Deconstructing ‘Doctor Who’

On the doctor’s 50th anniversary, writer and fanboy Mark Gatiss describes the five essential elements that make a legendary episode

0

Comments

Add +

After 798 episodes, 11 different Doctors, a myriad of monsters from weeping angels to merciless Cybermen and several million traumatised British youngsters left hiding behind the sofa, Doctor Who has finally arrived at the big one – his 50th anniversary (though, as a Time Lord, you’d think he could have got there sooner). But how did a low-budget TV show with cardboard sets and alien planets that all look suspiciously like a quarry in Berkshire become the most successful sci-fi series in the universe?

Who better to ask than Mark Gatiss, who, after scaring himself silly watching the third Doctor (Jon Pertwee) as a four-year-old in 1970, went from fanboy to revered writer of classic episodes like 2011’s ‘Night Terrors’ in which the Doctor faces an army of huge dolls and 2006’s ‘Idiot’s Lantern’ in which an evil being – well, Maureen Lipman – sucks people’s faces off. Gatiss first established himself with the surreal farce ‘The League of Gentlemen’, but getting the Doctor right requires more than grotesque gags. Here he reveals the what, where and why of ‘Who’.

1

‘Special’ effects

‘One of the things I love about the show is that the effects were born of a lack of money and time, and created with a brilliant spirit of invention: that’s why they work. The makers spent all the money on the interior of the Tardis, so someone came up with the excellent idea that it can disguise itself. They got around the fact that it would have to change every week by saying the Tardis is an old spaceship that gets stuck in a police box shape. They invented the sound of the Tardis with a pair of house keys and a piano wire.’

2

A ballsy assistant

‘The cliché about the Doctor’s assistants is that they just need the ability to ask the question “What’s going on, Doctor?” and to scream. One of the great revolutionary changes that happened when Russell T Davies revived the show in 2005 was that Billie Piper’s character was really a co-lead: it brought a whole new audience to the show. But back in the 1970s, Elisabeth Sladen as Sarah Jane Smith was very much a co-lead and it’s not an accident that people loved her.’

3

A superhuman hero

‘I think of the Doctor as a bit like a lord who occasionally comes over at Christmas and mucks in with his tenants. Even though he can make a good facsimile of being like us, he’s not like us. The best Doctor is one that can seem human, then suddenly give you a chill where you realise he’s about a thousand years old. The second Doctor, Patrick Troughton, has a brilliant ability to be funny and charming and delightful… and then very grave. He has an incredible voice and face, he’s very impish – and when he wants to be, he’s quite scary.’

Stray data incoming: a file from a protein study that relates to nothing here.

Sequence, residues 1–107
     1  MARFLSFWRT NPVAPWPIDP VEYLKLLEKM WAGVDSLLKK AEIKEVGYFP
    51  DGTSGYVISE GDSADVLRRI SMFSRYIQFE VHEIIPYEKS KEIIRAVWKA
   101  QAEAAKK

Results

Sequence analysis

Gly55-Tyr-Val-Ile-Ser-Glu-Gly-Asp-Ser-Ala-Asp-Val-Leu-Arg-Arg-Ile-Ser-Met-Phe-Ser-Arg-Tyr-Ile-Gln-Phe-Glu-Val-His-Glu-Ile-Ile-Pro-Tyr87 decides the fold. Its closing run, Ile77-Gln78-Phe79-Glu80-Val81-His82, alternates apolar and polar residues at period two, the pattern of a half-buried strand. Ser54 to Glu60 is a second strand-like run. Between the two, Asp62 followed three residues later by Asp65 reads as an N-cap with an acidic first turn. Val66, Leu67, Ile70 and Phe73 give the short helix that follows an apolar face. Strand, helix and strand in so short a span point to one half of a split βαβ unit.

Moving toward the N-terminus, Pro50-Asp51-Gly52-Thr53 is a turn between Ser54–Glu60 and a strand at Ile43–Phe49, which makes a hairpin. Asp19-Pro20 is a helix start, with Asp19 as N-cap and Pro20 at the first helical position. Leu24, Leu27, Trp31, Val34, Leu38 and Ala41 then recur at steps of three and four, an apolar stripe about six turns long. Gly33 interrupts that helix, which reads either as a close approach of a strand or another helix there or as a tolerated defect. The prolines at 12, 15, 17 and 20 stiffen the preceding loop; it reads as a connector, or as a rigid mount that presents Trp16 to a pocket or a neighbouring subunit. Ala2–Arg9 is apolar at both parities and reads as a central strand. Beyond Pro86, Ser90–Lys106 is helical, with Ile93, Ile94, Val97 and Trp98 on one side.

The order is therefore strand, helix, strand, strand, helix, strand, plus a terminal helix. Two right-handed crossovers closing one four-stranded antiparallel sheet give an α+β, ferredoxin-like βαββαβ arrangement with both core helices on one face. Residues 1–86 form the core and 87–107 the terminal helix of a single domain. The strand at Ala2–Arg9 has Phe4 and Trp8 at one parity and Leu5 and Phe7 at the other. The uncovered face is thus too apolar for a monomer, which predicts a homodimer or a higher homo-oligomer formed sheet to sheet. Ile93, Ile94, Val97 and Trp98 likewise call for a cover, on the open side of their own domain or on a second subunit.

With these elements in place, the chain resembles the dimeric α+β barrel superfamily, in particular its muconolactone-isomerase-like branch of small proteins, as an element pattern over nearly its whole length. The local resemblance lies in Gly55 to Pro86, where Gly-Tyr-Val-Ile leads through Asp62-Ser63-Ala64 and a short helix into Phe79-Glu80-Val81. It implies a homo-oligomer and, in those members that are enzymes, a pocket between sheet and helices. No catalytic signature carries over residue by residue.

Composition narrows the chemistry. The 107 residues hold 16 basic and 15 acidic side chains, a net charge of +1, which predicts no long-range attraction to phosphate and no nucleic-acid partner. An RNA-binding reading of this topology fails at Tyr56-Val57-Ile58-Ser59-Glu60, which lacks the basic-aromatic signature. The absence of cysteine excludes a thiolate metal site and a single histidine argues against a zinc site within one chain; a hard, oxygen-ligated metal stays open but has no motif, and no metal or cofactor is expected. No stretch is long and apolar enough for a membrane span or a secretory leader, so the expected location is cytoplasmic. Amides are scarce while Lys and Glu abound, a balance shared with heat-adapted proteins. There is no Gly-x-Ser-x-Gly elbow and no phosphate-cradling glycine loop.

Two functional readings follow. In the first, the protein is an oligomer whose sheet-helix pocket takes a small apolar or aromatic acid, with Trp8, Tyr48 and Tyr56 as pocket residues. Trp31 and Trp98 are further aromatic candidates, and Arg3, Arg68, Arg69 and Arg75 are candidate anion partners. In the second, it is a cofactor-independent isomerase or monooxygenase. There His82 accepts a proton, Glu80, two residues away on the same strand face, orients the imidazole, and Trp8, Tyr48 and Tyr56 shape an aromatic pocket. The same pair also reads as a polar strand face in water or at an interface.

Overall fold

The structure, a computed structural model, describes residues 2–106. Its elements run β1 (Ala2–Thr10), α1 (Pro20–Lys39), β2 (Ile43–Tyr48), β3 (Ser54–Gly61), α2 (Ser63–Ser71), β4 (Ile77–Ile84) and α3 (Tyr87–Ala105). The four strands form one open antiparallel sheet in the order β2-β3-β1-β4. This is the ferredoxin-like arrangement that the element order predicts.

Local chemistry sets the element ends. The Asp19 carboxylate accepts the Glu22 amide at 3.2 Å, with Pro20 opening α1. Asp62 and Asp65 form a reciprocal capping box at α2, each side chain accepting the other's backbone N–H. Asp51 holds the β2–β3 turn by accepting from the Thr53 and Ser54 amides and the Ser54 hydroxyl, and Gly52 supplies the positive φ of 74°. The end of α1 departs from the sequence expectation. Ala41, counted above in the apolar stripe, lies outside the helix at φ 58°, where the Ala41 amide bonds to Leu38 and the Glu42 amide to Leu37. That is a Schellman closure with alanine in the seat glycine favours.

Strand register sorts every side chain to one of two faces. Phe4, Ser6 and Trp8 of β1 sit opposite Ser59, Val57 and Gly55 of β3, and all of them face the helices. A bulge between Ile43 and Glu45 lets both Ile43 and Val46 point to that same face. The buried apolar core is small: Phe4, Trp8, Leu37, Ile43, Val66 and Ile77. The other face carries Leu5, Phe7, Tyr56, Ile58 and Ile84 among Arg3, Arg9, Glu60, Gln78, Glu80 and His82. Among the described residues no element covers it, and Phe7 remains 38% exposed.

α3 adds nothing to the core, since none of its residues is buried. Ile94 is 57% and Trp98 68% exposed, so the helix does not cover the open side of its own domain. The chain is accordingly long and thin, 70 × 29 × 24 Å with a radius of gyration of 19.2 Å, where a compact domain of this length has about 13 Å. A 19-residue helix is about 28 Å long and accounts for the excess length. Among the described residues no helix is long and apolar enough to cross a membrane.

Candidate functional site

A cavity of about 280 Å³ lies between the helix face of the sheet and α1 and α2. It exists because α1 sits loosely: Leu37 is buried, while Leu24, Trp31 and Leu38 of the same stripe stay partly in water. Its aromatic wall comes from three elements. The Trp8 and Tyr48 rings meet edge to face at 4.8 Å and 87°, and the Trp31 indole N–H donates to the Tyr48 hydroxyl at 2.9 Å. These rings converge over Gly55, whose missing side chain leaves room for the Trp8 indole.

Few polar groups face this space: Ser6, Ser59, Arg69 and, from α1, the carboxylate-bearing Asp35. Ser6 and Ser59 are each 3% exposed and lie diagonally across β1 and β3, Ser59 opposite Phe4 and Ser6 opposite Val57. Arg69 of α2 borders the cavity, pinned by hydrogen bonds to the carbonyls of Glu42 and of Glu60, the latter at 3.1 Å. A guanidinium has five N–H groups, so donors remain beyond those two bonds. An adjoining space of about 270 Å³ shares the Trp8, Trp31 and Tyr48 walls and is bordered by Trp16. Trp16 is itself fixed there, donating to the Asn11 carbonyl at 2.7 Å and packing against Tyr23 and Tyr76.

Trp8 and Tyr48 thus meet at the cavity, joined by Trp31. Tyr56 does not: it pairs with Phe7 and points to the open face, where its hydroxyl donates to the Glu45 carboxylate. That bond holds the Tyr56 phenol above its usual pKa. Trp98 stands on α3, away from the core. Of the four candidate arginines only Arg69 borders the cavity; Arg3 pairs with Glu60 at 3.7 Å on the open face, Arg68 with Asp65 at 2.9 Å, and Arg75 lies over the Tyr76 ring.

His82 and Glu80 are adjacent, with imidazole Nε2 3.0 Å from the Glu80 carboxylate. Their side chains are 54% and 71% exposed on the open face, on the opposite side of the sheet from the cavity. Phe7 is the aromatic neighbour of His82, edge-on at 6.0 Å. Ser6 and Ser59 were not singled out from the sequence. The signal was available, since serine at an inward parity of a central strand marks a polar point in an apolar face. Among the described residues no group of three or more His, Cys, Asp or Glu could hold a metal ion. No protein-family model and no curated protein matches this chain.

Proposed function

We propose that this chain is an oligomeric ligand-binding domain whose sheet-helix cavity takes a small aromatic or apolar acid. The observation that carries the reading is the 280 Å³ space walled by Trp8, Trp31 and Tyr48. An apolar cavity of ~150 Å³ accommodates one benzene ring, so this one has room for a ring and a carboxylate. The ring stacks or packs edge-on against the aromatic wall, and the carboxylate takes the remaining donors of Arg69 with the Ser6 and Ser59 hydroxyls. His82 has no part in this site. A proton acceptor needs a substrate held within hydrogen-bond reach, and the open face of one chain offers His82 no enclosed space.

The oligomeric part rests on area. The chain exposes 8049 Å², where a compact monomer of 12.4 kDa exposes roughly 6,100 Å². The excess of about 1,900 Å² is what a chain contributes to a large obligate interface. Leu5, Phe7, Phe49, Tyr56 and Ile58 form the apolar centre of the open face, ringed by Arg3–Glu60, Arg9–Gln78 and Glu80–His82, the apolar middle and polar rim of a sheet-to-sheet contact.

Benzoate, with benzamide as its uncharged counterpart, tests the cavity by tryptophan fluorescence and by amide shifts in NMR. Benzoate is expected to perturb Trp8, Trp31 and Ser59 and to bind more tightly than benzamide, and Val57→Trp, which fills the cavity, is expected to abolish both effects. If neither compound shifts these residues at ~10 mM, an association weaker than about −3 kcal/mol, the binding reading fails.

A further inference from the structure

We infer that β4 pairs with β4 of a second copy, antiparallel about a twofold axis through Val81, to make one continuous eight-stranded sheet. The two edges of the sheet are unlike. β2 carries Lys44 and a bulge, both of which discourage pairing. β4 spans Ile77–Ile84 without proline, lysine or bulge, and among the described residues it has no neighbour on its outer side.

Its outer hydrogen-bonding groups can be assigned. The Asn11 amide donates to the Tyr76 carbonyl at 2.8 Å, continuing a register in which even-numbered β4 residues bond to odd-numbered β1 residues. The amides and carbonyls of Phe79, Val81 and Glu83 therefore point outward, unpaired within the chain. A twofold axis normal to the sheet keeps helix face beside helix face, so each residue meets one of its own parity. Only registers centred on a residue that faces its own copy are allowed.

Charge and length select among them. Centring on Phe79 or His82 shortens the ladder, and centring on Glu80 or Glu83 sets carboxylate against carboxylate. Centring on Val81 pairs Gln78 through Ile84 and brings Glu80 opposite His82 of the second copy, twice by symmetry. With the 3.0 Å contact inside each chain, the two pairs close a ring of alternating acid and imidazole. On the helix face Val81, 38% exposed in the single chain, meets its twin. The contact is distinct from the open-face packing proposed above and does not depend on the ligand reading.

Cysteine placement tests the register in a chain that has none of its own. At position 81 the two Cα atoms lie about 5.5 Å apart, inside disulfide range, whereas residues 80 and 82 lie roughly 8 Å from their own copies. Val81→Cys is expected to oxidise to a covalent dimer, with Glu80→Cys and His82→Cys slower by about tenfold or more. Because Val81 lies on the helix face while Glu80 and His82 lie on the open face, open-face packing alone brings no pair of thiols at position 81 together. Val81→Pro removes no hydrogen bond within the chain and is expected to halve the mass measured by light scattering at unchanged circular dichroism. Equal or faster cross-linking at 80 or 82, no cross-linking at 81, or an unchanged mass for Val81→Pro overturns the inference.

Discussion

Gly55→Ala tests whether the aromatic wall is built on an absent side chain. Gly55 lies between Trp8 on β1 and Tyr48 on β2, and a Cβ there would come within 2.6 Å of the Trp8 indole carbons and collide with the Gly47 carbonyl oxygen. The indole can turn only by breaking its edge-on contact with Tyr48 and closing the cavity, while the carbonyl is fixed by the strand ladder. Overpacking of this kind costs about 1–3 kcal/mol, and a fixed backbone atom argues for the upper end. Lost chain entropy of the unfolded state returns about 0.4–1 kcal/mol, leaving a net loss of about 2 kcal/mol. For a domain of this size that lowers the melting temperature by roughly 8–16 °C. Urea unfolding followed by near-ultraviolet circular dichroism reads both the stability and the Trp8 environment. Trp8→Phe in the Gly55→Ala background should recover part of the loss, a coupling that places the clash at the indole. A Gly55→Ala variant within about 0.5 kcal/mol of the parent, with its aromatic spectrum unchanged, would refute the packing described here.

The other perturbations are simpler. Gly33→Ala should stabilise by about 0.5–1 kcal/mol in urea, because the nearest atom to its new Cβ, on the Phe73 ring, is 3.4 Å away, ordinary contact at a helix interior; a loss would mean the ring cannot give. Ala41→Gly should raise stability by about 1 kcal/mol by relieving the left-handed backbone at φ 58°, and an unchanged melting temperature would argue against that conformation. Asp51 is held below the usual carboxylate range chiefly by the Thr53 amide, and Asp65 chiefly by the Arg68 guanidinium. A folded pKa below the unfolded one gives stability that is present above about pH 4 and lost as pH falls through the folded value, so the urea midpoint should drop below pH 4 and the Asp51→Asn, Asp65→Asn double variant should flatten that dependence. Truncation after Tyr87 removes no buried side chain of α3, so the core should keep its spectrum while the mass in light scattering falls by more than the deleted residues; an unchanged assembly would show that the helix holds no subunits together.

4

A reboot of history

‘Originally, “Doctor Who” was all about historical stories with no science fiction at all. These were very lovely stories, but there’s a different flavour to them. What works better (and has almost become a default approach) is a historical setting with an alien present. So we’ve had Churchill in “Victory of the Daleks” and Dickens in “The Unquiet Dead”. Gareth Roberts did “The Shakespeare Code”, and that’s the perfect story because you have all the fun of that historical setting, but there’s something not quite right about it.’

5

A baddie with a human face

‘Really, what you want as a baddie is a humanoid one. They work best because you get a mouthpiece. A lot of the monsters are inherently frightening, but actually they lose something when they speak. There’s a reason why Davros was brought in to be the voice of the Daleks: if you give them too much to say, the noise gets relentless. “Genesis of the Daleks” was where he first appeared in 1975 – played by Michael Wisher – it was an astonishing moment.’


The Day of the Doctor’, the ‘Doctor Who’ 50th anniversary special, airs in 3D in cinemas around London and on BBC1, Sat Nov 23, 7.50pm.

Mark Gatiss’s episode, ‘An Adventure in Space and Time’, is on BBC2, Thu Nov 21, 9pm.

Watch ‘Doctor Who: Day of the Doctor’ trailer

Read more about ‘Doctor Who’

Doctor Who: Day of the Doctor

From the moment it was announced that David Tennant would be joining Matt Smith for this one-off 50th anniversary special, expectations went through the roof. Chuck in Billie Piper (Rose), Jenna Coleman (Clara), John Hurt (the mysterious ‘War Doctor’), the Zygons, the Daleks and Elizabeth I as played by Joanna Page, and you have a potent brew.

Read more

An Adventure in Space and Time

  • Rated as: 4/5

There’s perhaps a touch too much exposition and a sense of insiderdom occasionally intrudes, but ‘An Adventure in Space and Time’ barrels along with the wit and charm of its parent show.

Read more


Users say

0 comments